The single biggest issue facing us as a nation is achieving sustainable economic growth. For a good refresher of why this must become THE focus of all Americans, A New Strategy for Economic Growth is worthwhile reading.
Try as we may, we simply can't cut or save our way to prosperity. That said, we must reduce wasteful and unnecessary government spending as much and as fast as possible, too. This applies to both the long and short run as well.
First, let's remind ourselves of the completely obvious, because as newscaster Edward R. Murrow once said, "The obscure we see eventually. The completely obvious, it seems, takes longer."
Speaking of the adverse effects of taxation, here's in part what the father of legendary investor Warren Buffett had to say in 1956 (Notable & Quotable), "The part of his production taken from the producer cumulatively increases the power of the federal government proportionately with the increase in its income. This power is not created; it is simply taken away from the people...."
Thus, the "completely obvious" is merely that the private sector provides all the economic growth. Not the public sector. The less the amount of money the government removes from the private sector, the more the economy will grow and the more our citizens will prosper.
Today the private sector has enormous issues to overcome in order to achieve "normal" economic growth. For the good of all Americans, our government officials must stop demonizing the private economy and instead support it in every conceivable way. We all need to get back to the business of business, while encouraging individuals to reduce household debt levels at the same time.
This walk and chew gum approach in the short term will be somewhat difficult, but it is vitally necessary to restore much needed strength to our American economy.
What is referred to as the paradox of thrift means that acting to reduce the excessive household debt levels of today will constrain economic activity in the future. Even though this deleveraging process will take several years, it's imperative that it gets done. When completed, economic growth can then resume at historical or even higher rates. How Far Should Consumers Unwind Debt? is a good discussion of where we are and how far we have to go.
To repeat, the household sector has meaningful future spending constraints due to today's historically large debt burden. This excessive debt is primarily but not exclusively related to real estate. To make a bad situation worse, the debt is often greater than the current value of the house that was purchased with the borrowed money. Thus, underwater mortgages are the new normal for millions of our fellow citizens. But it's even worse than that.
As so many of us have borrowed from the future to spend today, something called "reversion to the mean" is now underway. A simple illustration is that if we assume we earn $100 and spend $80, we will increase savings by $20. But if we earn that same $100 and spend $125, we will need to borrow $25. What that means for future economic growth is profound.
In the first instance, we had acquired $20 to invest in productive assets. In the second, we end up with a debt of $25. In turn that debt needs to be repaid, and that debt will incur interest charges until repaid. That's pretty much where too many of us are today.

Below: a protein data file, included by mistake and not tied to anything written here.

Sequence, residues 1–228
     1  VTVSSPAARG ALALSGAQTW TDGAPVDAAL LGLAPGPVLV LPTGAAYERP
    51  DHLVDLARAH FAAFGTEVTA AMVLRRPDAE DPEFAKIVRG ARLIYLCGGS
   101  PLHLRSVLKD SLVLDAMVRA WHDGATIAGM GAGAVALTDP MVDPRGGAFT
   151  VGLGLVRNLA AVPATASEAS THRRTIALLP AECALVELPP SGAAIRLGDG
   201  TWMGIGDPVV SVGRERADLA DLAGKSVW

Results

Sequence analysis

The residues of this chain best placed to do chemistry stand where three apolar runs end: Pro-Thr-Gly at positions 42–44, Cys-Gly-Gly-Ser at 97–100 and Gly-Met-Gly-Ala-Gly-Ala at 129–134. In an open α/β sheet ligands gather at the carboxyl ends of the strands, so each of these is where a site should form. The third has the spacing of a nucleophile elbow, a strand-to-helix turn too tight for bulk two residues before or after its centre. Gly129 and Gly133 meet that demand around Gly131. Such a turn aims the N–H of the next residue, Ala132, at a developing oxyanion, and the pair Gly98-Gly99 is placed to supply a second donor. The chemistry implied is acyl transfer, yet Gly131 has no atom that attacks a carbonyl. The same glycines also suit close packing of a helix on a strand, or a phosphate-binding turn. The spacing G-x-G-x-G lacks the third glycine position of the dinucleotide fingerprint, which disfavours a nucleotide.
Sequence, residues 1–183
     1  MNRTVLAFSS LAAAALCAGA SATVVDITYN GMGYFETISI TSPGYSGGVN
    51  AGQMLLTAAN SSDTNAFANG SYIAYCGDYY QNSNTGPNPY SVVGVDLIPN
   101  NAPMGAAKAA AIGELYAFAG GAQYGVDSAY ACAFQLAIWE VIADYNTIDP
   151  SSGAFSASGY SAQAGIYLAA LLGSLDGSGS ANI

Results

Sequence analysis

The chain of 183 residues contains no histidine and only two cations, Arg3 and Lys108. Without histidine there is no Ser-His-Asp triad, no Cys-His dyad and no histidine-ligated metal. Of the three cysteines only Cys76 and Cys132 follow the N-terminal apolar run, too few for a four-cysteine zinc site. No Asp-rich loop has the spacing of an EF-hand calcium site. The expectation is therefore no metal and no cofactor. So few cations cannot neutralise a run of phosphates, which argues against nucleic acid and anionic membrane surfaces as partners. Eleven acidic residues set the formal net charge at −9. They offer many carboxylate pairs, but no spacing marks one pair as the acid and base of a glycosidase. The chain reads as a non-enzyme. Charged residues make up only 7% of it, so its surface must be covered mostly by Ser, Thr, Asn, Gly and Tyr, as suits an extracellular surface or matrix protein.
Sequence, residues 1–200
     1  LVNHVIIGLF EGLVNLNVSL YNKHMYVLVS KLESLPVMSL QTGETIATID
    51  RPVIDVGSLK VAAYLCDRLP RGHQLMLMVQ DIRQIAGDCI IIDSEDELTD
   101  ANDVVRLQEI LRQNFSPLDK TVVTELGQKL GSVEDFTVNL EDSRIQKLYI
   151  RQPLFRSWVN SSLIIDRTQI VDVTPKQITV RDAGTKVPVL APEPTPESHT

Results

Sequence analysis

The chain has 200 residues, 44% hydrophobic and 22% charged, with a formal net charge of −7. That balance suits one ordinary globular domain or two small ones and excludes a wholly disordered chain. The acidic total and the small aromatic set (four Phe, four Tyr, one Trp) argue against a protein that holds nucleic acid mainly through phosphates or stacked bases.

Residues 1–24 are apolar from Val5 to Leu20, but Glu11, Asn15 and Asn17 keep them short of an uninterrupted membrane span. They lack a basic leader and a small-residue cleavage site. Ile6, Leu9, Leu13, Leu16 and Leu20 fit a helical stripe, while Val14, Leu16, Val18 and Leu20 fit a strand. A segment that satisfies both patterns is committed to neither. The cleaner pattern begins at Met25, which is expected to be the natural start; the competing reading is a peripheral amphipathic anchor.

In this context, reversion to the mean simply acknowledges that we will spend no more than we earn over time. If we've been spending $80 of our $100 in earnings, we're saving and investing for the future. But if we're spending $125 of our $100 in earnings, we're developing a big problem with respect to future spending capability.
In addition to limiting spending to what we earn going forward, as debtors we would then have to reduce spending much more in order to pay back the money, plus interest, that we borrowed for our past spending spree. The math for our $100 per year earner works thusly; if in year one we spend $125, we need to reduce spending in year two to $75 from $125. That's a year-over-year 40% reduction in spending.
Of course, we won't reduce spending by 40% or more in any one year, but we will need to cumulatively reduce spending by that amount over time. In the interim we have to pay the ongoing interest charges, too.
In simple terms, the foregoing example tells us why consumer spending isn't going to be much help with achieving strong economic growth for several more years at least. Since historically consumer spending accounts for ~70% of our nation's economic activity, that makes the get-more-growth objective even more difficult.
This pretty much summarizes the probable slow to no growth scenario for a long time to come.
We have the effects of many years of bad habits to overcome. The accumulated government debt and deficits will need our attention, but we also need to remind ourselves of one straightforward fact. The only realistic way to solve this debt driven dilemma is to do everything possible to foster economic growth in the private sector.
Since our economy depends largely (much too much, I would argue) on consumer spending, lower than "normal" consumer spending levels will result in a subpar economy for the foreseeable future. This household deleveraging process is necessary, but it will take time. Lots of time.
Accordingly, we'd be well advised to get started right now on this do-all-we-can-to-get-the-private-sector-to-grow-the-economy goal. Time's a wasting.